These differences in cheetah behaviour may result from the different threats posed by lion and hyaena. Lion are known to mainly kill cheetah whereas hyaena mainly steal kills. As interactions with lion could potentially be fatal, cheetah may seek complete temporal segregation with lion. On the other hand, hyaena are only a threat when cheetah are on a kill. This non-fatal interaction allows cheetah to temporally partially overlap with hyaena. Nevertheless, during these periods of overlap cheetah might adapt their behaviour in order to minimise scavenging events. It is likely that the peak of cheetah activity indicates hunting behaviour, which would suggest that cheetah only hunt when hyaena are no longer active.
Whether this peak in cheetah activity represents hunting events is yet to be investigated. The next step is to synchronise behavioural observations collected in the field with the activity data collected from the collars to determine the temporal distribution of cheetah foraging events.
Wilderness Wildlife Trust have accepted to fund the costs of the vehicle maintenance until the end of the project. The field vehicle is one of the most essential components of the project as this allows for the tracking and further behavioural research of the cheetah, lion and hyaena.
In addition, four further camera traps have been approved. Currently camera traps are strategically placed at territorial marking trees of cheetah. Based on the unique spot patterns of cheetah, photographs obtained from the camera traps together with sightings of un-collared cheetah allow for an estimation of cheetah density in the Moremi Game Reserve and the adjacent Wildlife Management areas. So far the six camera traps that have been set up have yielded some interesting results and therefore the further four cameras will allow for a more intensive study of cheetah densities.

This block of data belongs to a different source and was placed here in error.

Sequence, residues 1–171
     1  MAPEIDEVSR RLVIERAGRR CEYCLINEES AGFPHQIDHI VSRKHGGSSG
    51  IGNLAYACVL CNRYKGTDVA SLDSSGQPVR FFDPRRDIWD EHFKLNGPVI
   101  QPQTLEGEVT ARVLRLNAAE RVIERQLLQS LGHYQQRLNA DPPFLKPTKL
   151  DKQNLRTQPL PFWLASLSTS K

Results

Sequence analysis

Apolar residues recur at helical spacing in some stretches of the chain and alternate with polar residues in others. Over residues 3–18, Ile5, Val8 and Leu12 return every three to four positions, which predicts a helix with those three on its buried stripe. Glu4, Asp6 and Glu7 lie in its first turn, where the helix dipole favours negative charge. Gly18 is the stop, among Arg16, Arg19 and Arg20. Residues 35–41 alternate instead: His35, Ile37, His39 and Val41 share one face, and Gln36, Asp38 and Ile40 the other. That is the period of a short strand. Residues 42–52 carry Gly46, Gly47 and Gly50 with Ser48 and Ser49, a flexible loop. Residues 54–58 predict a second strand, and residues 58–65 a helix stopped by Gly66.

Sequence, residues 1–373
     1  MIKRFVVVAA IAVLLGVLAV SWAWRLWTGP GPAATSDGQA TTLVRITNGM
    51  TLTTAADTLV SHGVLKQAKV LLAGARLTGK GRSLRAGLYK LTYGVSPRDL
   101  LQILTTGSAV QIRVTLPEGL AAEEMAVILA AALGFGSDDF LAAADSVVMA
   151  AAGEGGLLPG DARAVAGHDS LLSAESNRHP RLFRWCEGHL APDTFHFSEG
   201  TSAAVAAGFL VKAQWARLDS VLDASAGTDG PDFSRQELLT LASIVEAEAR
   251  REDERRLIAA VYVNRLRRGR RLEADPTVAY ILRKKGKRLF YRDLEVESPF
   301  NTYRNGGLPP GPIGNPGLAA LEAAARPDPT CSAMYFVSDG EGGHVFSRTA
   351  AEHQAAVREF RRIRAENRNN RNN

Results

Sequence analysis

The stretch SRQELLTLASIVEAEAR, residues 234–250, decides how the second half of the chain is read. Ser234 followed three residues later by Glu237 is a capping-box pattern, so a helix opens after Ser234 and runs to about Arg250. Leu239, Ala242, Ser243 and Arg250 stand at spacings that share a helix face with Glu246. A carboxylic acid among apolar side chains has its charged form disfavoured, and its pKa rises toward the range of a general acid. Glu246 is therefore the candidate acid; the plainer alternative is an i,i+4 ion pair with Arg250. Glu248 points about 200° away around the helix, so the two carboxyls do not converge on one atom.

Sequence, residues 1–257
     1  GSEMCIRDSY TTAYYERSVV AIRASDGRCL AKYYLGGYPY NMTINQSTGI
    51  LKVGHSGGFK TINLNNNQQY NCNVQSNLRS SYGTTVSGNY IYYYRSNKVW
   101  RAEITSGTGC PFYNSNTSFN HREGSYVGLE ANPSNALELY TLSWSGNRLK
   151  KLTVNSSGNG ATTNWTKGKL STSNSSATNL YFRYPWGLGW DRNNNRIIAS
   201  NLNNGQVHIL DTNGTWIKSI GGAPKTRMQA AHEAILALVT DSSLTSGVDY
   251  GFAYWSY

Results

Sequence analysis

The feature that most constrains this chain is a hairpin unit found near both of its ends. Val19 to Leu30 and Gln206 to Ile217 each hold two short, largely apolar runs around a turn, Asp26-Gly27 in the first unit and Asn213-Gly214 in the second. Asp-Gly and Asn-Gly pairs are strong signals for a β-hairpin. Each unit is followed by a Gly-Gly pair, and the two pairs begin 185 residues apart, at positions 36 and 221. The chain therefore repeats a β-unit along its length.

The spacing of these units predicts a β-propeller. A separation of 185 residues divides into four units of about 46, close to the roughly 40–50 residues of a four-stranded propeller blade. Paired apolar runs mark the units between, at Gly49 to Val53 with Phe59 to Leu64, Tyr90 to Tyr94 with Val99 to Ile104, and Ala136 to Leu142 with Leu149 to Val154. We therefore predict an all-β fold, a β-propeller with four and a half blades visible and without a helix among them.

Although sympatric carnivores have coexisted for thousands of years, cheetah are often negatively influenced both by lion (Panthera leo) and spotted hyaena (Crocuta crocuta), for example in the stealing of kills and direct mortality. In addition, as a result of human-induced habitat loss, species are being forced into smaller areas, increasing the frequency of competitive interactions. With less than 7 000 individuals left in the wild, the cheetah is scrambling for survival. Understanding the factors that influence cheetah population dynamics is crucial; this project investigates the ecological and behavioural mechanisms that allow cheetah to coexist with lion and spotted hyaena.
Research began in October 2008 and is being carried out in the Okavango Delta. To investigate coexistence, on both a spatial and temporal level, of cheetah, lion and spotted hyaena, all three species (in an overlapping space) were fitted with GPS radio collars which automatically collect location data. There are now GPS collars on six lion prides, six spotted hyaena clans and four cheetah individuals, two of which were funded by the Wilderness Trust.
Now that all the necessary collars have been fitted, next year’s focus is to collect field data on all three carnivore species. Density estimates of all three species will be carried out using camera traps for cheetah and calling stations for lion and spotted hyaena. In addition, herbivore and vegetation visibility surveys will be carried out. All field data will be combined with the GPS data.
With this research, cheetah conservation is being driven towards a multi-species, rather than the conventional single-species, approach. Understanding the mechanisms by which cheetah can coexist with other large carnivores in a natural system is important for developing conservation strategies in areas where these species are more actively managed.
There are currently five cheetah collared for study in the Moremi Game Reserve. There is one pride of lion involved in the study – two of whom are collared (one male and one female). The study also has three spotted hyaena collared from two different clans.
Over the next three months the plan is to replace the batteries on some of the GPS collars and to fit a few more collars. Efforts will be focused from the South Gate to Santawani area so that the study will have collared lion and spotted hyaena spatially and temporally overlapping with the cheetah.
This is the first time that cheetah are being researched in the Okavango Delta ecosystem – not only to establish the cheetah population and ecology, but to look at the way that cheetah co-exist with lion and spotted hyaena. This is something that has never been done before at these spatial and temporal levels.